A da Vinci Project Update for Canadian Town
Canadian rocketeers hoping to launch a privately built spacecraft from the small Saskatchewan town of Kindersley met with community officials Thursday, updating residents on the mission's progress and reaffirming their intent to fly.
Dav1d [sic] Grossman, ground operations team leader for the Toronto-based GoldenPalace.com/da Vinci Project, updated residents and officials near his team's launch site this week while coordinating recovery and emergency plans for an anticipated suborbital launch two weeks overdue.
"Everybody here is still very enthusiastic," Grossman said of Kindersley and its surrounding towns in a telephone interview. "We really need their participation."
"I would say that, just like they are, we are waiting for a new launch date," Kindersley Town Administrator Kim Hauta said via telephone. "We had a fairly decent plan in place for Oct. 2, and some of those things won't happen now due to the change."
A cabaret and other community entertainment programs were time sensitive and could not be put on hold without a definite launch date, he added.
Feeney, who will pilot Wild Fire's initial flight, has told SPACE.com his team remains determined to launch despite losing the $10 million Ansari X Prize suborbital spaceflight competition. That contest, which challenged teams to privately build a reusable, three-person suborbital spacecraft, was won on Oct. 4 in Mojave, California by Burt Rutan and his SpaceShipOne launch vehicle.
But Feeney has also said a final launch date won't be announced until the da Vinci team has completely arrived in Kindersley, which is expected to be at least seven days before the intended space shot.
Under the current flight plan, an unmanned helium balloon will hoist Wild Fire into the Kindersley sky from the town's local airport, carrying it into launch position at about 80,000 feet. There, the spacecraft's tether will be released and its hybrid rocket engine ignited. The spacecraft and Feeney should experience a few minutes of weightless before reentering the atmosphere and parachuting back to Earth.
Two weeks after missing their first launch target, Grossman said plans are still coming together for what is hoped to be the first manned space launch in Canada but would not say if a specific date has been set. Over the last few days he has met with police and emergency services personnel from Kindersley, as well as from nearby Elrose - where Wild Fire is expected to land under its flight plan - to discuss ground and safety operations.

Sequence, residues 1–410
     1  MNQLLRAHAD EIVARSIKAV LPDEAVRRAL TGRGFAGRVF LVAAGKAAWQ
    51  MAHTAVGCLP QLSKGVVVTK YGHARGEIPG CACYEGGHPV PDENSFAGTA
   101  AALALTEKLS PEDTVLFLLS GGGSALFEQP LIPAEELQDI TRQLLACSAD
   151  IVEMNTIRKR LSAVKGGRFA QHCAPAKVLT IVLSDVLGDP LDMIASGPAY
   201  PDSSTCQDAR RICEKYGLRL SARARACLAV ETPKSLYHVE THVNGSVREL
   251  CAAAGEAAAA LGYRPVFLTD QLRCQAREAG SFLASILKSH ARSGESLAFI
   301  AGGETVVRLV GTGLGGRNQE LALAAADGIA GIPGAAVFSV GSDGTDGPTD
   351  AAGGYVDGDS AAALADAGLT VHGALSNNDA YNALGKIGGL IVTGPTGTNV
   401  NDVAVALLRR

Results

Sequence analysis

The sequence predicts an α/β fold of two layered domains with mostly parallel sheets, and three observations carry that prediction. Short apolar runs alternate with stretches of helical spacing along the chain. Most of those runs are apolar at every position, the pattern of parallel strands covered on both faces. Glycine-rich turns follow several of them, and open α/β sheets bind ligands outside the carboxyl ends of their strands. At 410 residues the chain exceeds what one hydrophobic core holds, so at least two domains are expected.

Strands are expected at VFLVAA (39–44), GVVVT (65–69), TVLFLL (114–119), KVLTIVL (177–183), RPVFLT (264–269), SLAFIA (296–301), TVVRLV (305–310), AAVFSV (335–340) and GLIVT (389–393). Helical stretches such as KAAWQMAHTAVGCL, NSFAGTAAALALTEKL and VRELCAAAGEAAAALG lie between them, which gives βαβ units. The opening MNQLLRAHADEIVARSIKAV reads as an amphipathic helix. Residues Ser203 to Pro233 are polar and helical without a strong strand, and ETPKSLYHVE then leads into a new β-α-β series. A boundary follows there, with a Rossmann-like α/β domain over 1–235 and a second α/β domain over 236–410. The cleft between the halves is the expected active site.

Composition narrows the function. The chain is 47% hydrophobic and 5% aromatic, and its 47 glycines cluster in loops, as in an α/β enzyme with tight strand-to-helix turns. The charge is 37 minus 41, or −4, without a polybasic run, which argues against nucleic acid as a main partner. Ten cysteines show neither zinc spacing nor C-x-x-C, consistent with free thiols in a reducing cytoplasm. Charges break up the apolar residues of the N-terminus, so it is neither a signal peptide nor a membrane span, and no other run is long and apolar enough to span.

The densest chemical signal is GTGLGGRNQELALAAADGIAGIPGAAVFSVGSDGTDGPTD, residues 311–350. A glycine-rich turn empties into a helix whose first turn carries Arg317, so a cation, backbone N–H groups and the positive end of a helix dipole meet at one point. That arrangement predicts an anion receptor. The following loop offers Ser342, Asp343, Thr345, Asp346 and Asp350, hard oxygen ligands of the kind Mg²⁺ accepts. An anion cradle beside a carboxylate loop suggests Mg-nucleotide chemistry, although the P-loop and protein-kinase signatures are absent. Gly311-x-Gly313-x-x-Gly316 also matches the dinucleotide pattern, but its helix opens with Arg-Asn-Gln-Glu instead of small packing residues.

"We've got a man in the capsule," Grossman said. "We want to make sure Brian comes down safe and sound."
Meanwhile, Kindersley officials were encouraged by Grossman's arrival and presentations to both residents and city officials. On Oct. 14, Grossman gave the Kindersley Town Council a mission briefing and met with about 50 townspeople during a public meeting a night earlier.
Hauta said Grossman's personal presence was a welcome sight for a town that has been eagerly awaiting the Wild Fire launch. The town has been given the nickname Cape Kindersley for the launch, and souvenir chairs and other goods are already available from local vendors.
"The only reservations we have is with the attendance level," said Kindersley Mayor Michael Hankewich, adding the weather in Kindersley will only get colder and could limit spectator turnout. "But our hopes are high and we're rooting for the launch and for [Feeney] too."
"This is a big thing, not only for Kindersley but for Saskatchewan too," Hankewich said.
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